Current Pediatric Research

Case Report - Current Pediatric Research (2018) Volume 22, Issue 3

Thiamine-responsive megaloblastic anemia syndrome: A rare case report

Samaher Jabril Ismail, Abdulmoein Eid Al-Agha*

King Abdulaziz University Hospital, Jeddah, Saudi Arabia.

Corresponding Author:
Abdulmoein Eid Al-Agha
Professor, Pediatric Endocrinology, King Abdulaziz
University Hospital, Pediatric Department
PO Box: 80215 Jeddah 21589, Saudi Arabia
Tel: + 966 2 640 3841
Fax: + 966 2 6408353
E-mail: [email protected]

Accepted date: October 09th, 2018

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This case report describes a patient with a rare syndrome known as Thiamine-responsive Megaloblastic Anemia Syndrome (TRMA) which is an autosomal recessive disorder caused by gene mutation identified by megaloblastic anemia, progressive sensorineural hearing loss, and diabetes mellitus. We report a case of TRMA in a female child, born to a consanguine family. The child present with classical symptoms of the syndrome. Further assessment and mutation analysis confirmed a diagnosis of TRMA syndrome. By this report, we are hoping we can increase the awareness of the possible diagnosis of the syndrome for patients presenting with similar clinical manifestation especially where the rate of consanguineous marriages is high.


Neonatal diabetes, Megaloblastic anemia, Deafness.


Thiamine-responsive Megaloblastic Anemia Syndrome (TRMA) is a very rare syndrome defined by the following features: megaloblastic anemia, progressive sensorineural hearing loss, and variable onset monogenic diabetes mellitus [1]. Additionally, patients with TRMA syndrome may present with other disorders of the cardiovascular system such as congenital heart disease, arrhythmias, situs inversus viscerum, cardiomyopathy, stroke and other ophthalmological abnormalities in the retina, as well as damage to the optic nerve [2]. The symptoms of megaloblastic anemia manifest anytime between infancy and adolescence, although many patients present with symptoms in early childhood. Patients depend on lifelong oral replacement of thiamine [3]; however, they have macrocytic red blood cells despite receiving thiamine therapy, and megaloblastic anemia can manifest again after treatment cessation [1]. Sensorineural hearing loss is progressive, irreversible and diagnosed early in toddlers. Thiamine treatment, when started at an early stage (before two months old), may be effective in preventing deafness [4]. Patients have monogenic diabetes mellitus, which typically starts between infancy and adolescence. Evidence shows that treatment may delay diabetes onset and improve glucose tolerance [5,6]. We report the first case of TRMA in a three-year-old girl who was diagnosed after the development of neonatal diabetes mellitus, sensorineural deafness, and thiamine-dependent megaloblastic anemia.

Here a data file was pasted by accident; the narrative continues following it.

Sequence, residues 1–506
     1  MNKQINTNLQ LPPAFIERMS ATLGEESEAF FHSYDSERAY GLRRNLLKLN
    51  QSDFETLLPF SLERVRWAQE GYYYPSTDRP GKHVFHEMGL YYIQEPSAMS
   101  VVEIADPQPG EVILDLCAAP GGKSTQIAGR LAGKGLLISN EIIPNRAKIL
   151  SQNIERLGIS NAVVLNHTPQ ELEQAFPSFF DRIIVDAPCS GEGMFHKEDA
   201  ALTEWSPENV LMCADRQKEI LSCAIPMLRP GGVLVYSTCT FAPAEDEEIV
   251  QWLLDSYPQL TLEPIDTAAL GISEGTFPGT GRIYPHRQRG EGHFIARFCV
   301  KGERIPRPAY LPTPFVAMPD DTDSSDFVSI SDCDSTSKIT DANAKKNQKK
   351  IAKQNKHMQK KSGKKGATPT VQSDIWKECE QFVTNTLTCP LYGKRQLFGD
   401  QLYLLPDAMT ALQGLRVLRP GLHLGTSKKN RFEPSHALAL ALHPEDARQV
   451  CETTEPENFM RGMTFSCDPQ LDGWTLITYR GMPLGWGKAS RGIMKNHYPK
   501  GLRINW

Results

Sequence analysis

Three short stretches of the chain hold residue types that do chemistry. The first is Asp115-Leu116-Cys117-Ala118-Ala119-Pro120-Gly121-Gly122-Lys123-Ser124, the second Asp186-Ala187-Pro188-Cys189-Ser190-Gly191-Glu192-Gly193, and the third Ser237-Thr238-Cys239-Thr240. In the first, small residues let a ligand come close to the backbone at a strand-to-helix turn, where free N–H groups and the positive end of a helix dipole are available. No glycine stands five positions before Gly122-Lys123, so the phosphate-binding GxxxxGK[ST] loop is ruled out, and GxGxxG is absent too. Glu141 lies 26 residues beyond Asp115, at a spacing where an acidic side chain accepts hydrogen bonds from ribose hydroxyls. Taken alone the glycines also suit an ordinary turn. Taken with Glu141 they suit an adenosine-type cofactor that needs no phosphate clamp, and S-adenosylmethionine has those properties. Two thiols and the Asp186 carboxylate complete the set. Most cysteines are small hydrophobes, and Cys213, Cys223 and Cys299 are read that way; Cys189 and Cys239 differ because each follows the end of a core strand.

Case Description

A three-year-old Saudi girl presented, at the age of four months, with pallor. She was the second child of healthy consanguineous (first cousin) parents. She was born full term, with a birth weight of 2.75 kg, through elective cesarean delivery. Her immunization, nutritional and developmental history was unremarkable, and her male sibling was healthy.

Laboratory investigations showed she was hyperglycemic, with a serum glucose level of 339 mg/ dL. A diagnosis of neonatal diabetes mellitus was made and she was treated with insulin. She was also found to be anemic and received repeated blood transfusions. Despite the blood transfusions, the patient was still anemic, and she was started on subcutaneous intermediate-acting insulin two to three times per day, according to her per-meal glucose reading.

Upon physical examination, the child looked normal and had no dysmorphic features. However, she had moderate to severe pallor with no signs of jaundice or cyanosis. She was active and had age-appropriate communication skills. Her vital signs were within the normal range, except for her heart rate, which was 115 beats per minute. Both her weight and height were in the 25th percentile. At the time of presentation, her complete blood count was as shown in Table 1.

Test First Presentation Before Treatment After Confirming the Diagnosis and Starting Thiamine
Hemoglobin 6.6 g/dL 10 g/dL
Mean Corpuscular Volume 83.8 fL 73.8 fL
Hematocrit 13.3% 301%
Red blood cell count 1.59 (106/µL) 4.2 (106/µL)
White blood cell count 14 (103/µL) 10 (103/µL)
Platelet count 132 (103/µL) 576 (103/µL)
Ferritin level 241.97 ng/mL 246.97 ng/mL
Vitamin B1 (thiamine) 3.5 μg/dL 4.0 μg/dL

Table 1. Laboratory findings at the patient’s initial presentation and after diagnosis